Islamic State fighters have captured a Jordanian pilot after shooting down a US-led coalition warplane over its stronghold in Raqqa, northern Syria.
Jordan confirmed the capture after the British-based Syrian Observatory for Human Rights reported that IS members took a pilot prisoner after shooting down his plane with an anti-aircraft missile.
It is the first coalition warplane shot down since the air strikes on Islamic State began in September.
"During a mission Wednesday morning conducted by several Royal Jordanian Air Force planes against hideouts of the IS terrorist organisation in the Raqqa region, one of the planes went down and the pilot was taken hostage," a Jordanian army statement carried by the state news agency, Petra, said.
"Jordan holds the group and its supporters responsible for the safety of the pilot and his life."
The pro-IS Raqqa Media Center posted photos on Facebook purporting to show the captured pilot, naming him as Moaz Youssef al-Kasasbeh and identifying him as a Royal Jordanian Air Force flight lieutenant. The Jordanian army has not acknowledged his identity but Petra carried a picture of al-Kasasbeh above its report and his family confirmed the capture in interviews with Jordanian media.
The pilot's father, Youssef al-Kasasbeh, confirmed the capture of the 26-year-old, who got married in July, in an interview with the Jordanian newspaper, Saraya.
Youssef al-Kasasbeh said the Royal Jordanian Air Force had informed another of his sons of the incident.
He issued a direct appeal to the leaders of IS: "May Allah plant mercy in your hearts and may you release my son."
The images posted by Raqqa Media Center show a man wearing just a white shirt being carried out of a body of water by militants. Pictures of a military ID and a man in military uniform were also published.
Further images apparently show the downed jet. In one, a man holds debris from the crash, and in another a cockpit is visible.
Raqqa province borders Turkey and is almost entirely under control of Islamic State fighters and is a major stronghold for the group. The de facto capital of the group's self-declared caliphate, its entire infrastructure is overseen by IS, which has also imposed hardline Islamist law on the previously relatively liberal city.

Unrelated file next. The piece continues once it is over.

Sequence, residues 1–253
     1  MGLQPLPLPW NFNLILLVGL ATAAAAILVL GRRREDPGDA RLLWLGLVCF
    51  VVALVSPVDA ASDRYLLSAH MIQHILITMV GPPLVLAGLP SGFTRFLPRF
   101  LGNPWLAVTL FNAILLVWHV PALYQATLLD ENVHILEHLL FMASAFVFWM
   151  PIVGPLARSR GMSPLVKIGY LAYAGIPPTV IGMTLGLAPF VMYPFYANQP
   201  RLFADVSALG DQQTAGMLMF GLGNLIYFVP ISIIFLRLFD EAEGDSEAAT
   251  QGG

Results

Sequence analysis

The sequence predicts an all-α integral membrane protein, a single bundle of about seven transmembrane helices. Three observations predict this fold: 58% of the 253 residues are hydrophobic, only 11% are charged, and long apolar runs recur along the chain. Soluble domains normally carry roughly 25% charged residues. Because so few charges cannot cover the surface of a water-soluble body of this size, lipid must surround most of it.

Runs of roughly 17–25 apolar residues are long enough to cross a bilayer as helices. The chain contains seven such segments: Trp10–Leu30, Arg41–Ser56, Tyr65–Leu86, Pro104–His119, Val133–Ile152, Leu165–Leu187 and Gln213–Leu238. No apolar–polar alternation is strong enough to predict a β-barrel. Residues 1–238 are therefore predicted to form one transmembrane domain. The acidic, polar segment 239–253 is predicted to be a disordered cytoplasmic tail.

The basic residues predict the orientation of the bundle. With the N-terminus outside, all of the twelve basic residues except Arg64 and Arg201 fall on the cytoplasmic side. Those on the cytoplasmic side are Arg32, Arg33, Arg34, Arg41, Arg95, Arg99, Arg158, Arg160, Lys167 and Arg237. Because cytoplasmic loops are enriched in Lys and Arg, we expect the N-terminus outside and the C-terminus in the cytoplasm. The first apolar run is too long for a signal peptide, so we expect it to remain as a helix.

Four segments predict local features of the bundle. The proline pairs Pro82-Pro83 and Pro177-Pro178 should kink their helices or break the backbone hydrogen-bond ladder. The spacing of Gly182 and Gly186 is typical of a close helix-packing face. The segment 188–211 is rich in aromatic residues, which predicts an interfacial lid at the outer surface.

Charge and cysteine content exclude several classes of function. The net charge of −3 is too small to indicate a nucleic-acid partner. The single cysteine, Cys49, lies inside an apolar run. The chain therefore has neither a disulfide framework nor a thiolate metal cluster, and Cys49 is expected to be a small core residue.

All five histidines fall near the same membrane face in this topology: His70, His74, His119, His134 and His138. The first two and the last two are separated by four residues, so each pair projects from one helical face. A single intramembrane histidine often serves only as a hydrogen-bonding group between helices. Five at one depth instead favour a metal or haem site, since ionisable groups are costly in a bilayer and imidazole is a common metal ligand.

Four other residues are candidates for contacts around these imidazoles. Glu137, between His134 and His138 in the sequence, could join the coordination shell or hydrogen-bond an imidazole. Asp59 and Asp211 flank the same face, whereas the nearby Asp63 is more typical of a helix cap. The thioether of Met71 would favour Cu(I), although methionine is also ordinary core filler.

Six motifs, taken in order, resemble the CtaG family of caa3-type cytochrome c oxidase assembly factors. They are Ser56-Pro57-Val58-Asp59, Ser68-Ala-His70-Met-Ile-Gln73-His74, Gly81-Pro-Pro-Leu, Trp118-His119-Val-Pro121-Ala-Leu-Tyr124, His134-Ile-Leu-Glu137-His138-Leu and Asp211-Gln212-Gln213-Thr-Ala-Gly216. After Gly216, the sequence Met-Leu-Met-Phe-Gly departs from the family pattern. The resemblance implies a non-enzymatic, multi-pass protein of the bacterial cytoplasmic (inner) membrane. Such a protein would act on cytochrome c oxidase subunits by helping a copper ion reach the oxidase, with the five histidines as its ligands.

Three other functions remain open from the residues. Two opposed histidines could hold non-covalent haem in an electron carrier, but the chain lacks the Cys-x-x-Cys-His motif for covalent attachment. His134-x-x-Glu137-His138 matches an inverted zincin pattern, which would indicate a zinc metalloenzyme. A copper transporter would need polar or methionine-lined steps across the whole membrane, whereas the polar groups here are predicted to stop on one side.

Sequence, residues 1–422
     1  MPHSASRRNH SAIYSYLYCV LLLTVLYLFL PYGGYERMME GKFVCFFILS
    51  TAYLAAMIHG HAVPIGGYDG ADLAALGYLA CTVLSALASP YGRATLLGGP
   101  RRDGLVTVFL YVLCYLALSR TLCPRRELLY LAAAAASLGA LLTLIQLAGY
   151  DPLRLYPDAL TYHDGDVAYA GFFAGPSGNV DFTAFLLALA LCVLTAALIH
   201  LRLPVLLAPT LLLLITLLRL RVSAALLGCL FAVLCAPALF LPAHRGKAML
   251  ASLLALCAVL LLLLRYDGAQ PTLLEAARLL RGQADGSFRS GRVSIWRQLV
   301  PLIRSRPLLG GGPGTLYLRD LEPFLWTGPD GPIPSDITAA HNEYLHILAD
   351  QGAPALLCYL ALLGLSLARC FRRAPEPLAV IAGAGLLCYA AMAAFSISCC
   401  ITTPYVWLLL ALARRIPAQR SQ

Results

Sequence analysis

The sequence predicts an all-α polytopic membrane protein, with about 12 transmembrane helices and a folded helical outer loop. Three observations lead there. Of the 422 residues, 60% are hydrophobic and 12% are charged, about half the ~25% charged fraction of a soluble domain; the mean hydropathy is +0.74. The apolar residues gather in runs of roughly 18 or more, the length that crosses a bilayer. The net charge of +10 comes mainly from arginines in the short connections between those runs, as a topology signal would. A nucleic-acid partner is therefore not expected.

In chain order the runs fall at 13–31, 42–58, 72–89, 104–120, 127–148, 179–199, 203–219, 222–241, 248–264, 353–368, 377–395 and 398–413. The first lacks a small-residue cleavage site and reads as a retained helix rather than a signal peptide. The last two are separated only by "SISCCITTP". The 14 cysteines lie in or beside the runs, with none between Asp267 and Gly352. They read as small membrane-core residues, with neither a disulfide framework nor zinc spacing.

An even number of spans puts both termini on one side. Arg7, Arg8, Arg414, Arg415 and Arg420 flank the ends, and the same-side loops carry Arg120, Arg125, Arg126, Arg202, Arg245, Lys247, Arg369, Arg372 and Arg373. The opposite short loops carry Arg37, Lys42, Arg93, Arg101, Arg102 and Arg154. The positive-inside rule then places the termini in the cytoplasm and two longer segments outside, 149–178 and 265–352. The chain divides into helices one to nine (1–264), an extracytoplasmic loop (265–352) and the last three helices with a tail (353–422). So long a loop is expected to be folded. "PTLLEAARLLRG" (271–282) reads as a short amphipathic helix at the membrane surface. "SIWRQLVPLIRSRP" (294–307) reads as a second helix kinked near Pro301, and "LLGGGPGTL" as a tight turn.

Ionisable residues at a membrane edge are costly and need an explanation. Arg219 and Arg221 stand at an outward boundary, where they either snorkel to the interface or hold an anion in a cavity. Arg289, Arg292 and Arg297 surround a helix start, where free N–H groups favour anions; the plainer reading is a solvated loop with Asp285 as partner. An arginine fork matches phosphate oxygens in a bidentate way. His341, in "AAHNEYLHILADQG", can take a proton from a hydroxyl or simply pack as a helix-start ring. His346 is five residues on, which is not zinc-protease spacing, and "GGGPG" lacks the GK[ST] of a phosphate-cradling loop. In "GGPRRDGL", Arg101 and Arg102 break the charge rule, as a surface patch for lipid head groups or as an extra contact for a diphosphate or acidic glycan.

The group's armoury has been bolstered by weapons seized in Iraq after the group captured a string of government military bases over the summer, including an airbase. Images released in October purportedly show a fighter firing a Chinese-made surface-to-air missile.
"We have confirmed reports that IS members took a (non-Syrian) Arab pilot prisoner after shooting his plane down with an anti-aircraft missile near Raqqa city," the Syrian Observatory for Human Rights said.
Saudi Arabia, Qatar, Jordan, Bahrain and the United Arab Emirates have all engaged in or supported strikes in Syria. Syrian government planes also bomb Raqqa and the surrounding province.
An air strike on Tuesday killed more than 20 people in the area, according to the Syrian Observatory.
The US Central Command issued a statement Wednesday denying the Islamic State's claims that the plane was shot down, saying it crashed instead.
"Evidence clearly indicates that ISIL did not down the aircraft as the terrorist organization is claiming," said a statement attributed to Gen. Lloyd J. Austin III, who oversees all coalition military operations in Iraq and Syria. "The Jordanians are highly-respected and valued partners and their pilots and crews have performed exceptionally well over the course of this campaign," We strongly condemn the actions of ISIL which has taken captive the downed pilot. We will support efforts to ensure his safe recovery, and will not tolerate ISIL's attempts to misrepresent or exploit this unfortunate aircraft crash for their own purposes."
Images circulating on social media purportedly showed the wreckage being paraded around the streets of Raqqa.
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